Publisher: Disney Hyperion
Published: Oct. 6, 15
Source: NetGalley and publisher for review
Lo-Melkhiin killed three hundred girls before he came to her village, looking for a wife. When she sees the dust cloud on the horizon, she knows he has arrived. She knows he will want the loveliest girl: her sister. She vows she will not let her be next.
And so she is taken in her sister's place, and she believes death will soon follow. Lo-Melkhiin's court is a dangerous palace filled with pretty things: intricate statues with wretched eyes, exquisite threads to weave the most beautiful garments. She sees everything as if for the last time.But the first sun rises and sets, and she is not dead. Night after night, Lo-Melkhiin comes to her and listens to the stories she tells, and day after day she is awoken by the sunrise. Exploring the palace, she begins to unlock years of fear that have tormented and silenced a kingdom. Lo-Melkhiin was not always a cruel ruler. Something went wrong.
Far away, in their village, her sister is mourning. Through her pain, she calls upon the desert winds, conjuring a subtle unseen magic, and something besides death stirs the air.
Back at the palace, the words she speaks to Lo-Melkhiin every night are given a strange life of their own. Little things, at first: a dress from home, a vision of her sister. With each tale she spins, her power grows. Soon she dreams of bigger, more terrible magic: power enough to save a king, if she can put an end to the rule of a monster.My thoughts:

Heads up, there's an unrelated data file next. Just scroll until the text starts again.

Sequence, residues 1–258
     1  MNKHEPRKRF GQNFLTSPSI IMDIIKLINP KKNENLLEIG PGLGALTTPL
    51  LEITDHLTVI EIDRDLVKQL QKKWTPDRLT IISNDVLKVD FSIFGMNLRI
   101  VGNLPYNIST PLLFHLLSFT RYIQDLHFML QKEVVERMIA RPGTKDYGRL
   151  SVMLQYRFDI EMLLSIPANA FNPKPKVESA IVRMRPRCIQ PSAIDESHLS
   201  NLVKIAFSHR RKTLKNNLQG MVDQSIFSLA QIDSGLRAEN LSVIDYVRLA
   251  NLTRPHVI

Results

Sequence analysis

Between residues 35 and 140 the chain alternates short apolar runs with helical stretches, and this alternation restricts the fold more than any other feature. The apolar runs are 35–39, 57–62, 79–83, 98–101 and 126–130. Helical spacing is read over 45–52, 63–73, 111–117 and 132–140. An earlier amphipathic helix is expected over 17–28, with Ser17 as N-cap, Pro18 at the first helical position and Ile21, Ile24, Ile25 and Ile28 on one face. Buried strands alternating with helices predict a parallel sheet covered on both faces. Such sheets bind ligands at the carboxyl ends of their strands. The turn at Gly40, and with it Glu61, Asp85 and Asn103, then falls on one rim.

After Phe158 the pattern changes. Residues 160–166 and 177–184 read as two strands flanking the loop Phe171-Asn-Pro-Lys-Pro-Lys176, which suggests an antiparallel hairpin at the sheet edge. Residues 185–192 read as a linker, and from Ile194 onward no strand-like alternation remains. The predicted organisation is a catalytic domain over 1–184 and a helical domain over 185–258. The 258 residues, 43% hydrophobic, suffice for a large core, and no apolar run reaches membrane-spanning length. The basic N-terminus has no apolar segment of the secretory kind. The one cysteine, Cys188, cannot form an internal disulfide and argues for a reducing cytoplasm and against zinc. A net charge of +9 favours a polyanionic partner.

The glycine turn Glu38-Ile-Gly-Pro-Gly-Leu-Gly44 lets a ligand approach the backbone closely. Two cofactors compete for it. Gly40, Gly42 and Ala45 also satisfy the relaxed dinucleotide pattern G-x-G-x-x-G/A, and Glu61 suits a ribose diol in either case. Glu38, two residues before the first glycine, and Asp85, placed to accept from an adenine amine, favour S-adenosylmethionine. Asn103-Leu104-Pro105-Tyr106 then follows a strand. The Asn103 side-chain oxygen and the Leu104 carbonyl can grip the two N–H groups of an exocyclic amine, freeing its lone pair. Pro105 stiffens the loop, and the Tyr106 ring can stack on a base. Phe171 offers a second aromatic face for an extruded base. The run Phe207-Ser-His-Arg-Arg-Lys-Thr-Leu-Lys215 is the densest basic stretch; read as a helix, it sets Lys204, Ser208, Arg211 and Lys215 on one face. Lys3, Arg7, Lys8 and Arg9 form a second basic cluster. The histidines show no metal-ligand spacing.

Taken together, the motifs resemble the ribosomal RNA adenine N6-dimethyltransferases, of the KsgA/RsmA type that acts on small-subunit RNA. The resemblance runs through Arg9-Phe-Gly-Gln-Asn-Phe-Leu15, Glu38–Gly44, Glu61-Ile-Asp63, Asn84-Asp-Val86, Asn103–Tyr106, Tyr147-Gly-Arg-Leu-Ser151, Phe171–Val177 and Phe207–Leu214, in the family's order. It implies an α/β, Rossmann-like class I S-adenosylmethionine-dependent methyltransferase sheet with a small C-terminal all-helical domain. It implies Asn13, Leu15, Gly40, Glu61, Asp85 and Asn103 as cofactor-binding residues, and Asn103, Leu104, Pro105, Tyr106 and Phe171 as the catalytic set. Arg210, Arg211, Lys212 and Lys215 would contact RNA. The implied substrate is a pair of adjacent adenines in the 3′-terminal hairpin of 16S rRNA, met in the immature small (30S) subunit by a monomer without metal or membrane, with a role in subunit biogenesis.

I do enjoy retellings and having A Thousand and One Nights Scheherazade's tale was one I could not pass up. I couldn't wait to get into the book. I also could tell from the beginning that this would be different since the protagonist self-sacrifices herself so others (not just her sister) would be spared this death. Since she goes to her fate willingly, Lo-Melkhiin does not kill her and tries to unravel the mystery before him.
The book is a bit slow at first but this is necessary to the telling of this tale. We need background and a good buildup of the settings where the book takes place. We also have a mystery that slowly unravels which brings you through the slow parts. When some of the mystery is better known (not solved) then the pace of the book picks up. It is really the woman's book (I'm assuming Scheherazade since her name was never given) and her journey not just in the magic realm, but of self discovery. About finding the power within her that has nothing to do with magic and everything to do with bravery and compassion.
I give this book 4 stars. I really enjoyed this retelling. I didn't love the ending. It was almost too sweet but yet it still felt complete. I also didn't hate the ending so it didn't change my mind about the book. I recommend it to those that enjoy retellings and magic.